Skip the Google Edition, just give us the stock option

May 21, 2013
8

As you know, Google took the stage at their I/O developer event last week and shocked the crowd and Android world by announcing the Samsung GALAXY S 4 Google Edition running stock Android 4.2.2 Jelly Bean. Unlocked, developer friendly, and available from the Play Store. Immediately many started wondering if the same was coming from HTC. Would you buy a Google Edition HTC One?

As soon as Google and Samsung announced the Galaxy S 4 GE on stage, rumors immediately started surfacing that HTC would be doing the same. However, we reached out to HTC ourselves and their PR confirmed they have no such plans. Without getting into details HTC basically stated they have "no plans for an HTC One Nexus or Google edition".

So why is this a rumor again? Well, because everyone loves a good rumor. That and the usually pretty accurate HTC fan and ROM developer LlabTooFeR is claiming the device is coming this summer. Tweeting multiple times about the subject and even stating "HTC One without Sense 5 on board" in one of his comments. He mentions this isn't official, nor does he have details or release dates, but that it's coming this summer.

So is this just a rumor to get the idea floating around again? Who knows. He goes as far as to call it a fact, but that it's not official information. So take this rumor with a major grain of salt, just like most. Google's GALAXY S 4 certainly is no Nexus coming in at $649, and we'd probably see the HTC One come at a similar price. Would a Google Edition HTC One have beats audio to let us enjoy those front speakers, or would it truly be bone stock? There's some aspects that make Sense better, but not many.

lg-nexus-top-540x279

Here's what we want and have been waiting to arrive for years. The option. The option to be able to select HTC Sense, or stock Android on our device. Let us choose between TouchWiz and those impressive S-featured apps, or vanilla Android. Whether this be on start-up, in settings, or something else.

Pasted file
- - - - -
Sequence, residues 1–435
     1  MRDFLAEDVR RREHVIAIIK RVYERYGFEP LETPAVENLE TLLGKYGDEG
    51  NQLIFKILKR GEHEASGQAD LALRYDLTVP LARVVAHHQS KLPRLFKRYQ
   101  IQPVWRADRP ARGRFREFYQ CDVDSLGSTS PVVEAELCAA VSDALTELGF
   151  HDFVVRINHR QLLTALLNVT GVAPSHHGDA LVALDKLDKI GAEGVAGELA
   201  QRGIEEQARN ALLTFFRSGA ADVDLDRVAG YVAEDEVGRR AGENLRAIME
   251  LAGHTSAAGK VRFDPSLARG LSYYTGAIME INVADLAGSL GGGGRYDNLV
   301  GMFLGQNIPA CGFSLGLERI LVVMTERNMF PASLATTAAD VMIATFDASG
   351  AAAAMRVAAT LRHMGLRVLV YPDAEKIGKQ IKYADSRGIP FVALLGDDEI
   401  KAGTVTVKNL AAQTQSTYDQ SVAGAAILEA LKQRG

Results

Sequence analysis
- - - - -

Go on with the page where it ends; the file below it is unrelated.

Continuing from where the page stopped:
If Google and the manufacturers could manage that, then this would be a game changer. Google can't make this a requirement as the post in the timeline below explains because of Open Source guidelines, but we'd love the option. Take notice HTC, Samsung, LG and others. For now this HTC ONE GE is just a rumor of another expensive developer friendly smartphone that may, or may not ever see the light of day.


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  • Phone_Junkie

    It would be tits if every phone shipped with Vanilla Android and you could get Sense or TouchWiz on the Play Store or direct from the OEM if you had to have it (regardless of file size. Download via WiFi if needed). Hell, if you wanted Touchwiz on a HTC phone, knock yourself out. I’d stick with vanilla. I bet this would help with handsets being kept up to date in having the latest version of Android as well.

  • http://twitter.com/cthonctic Cthonctic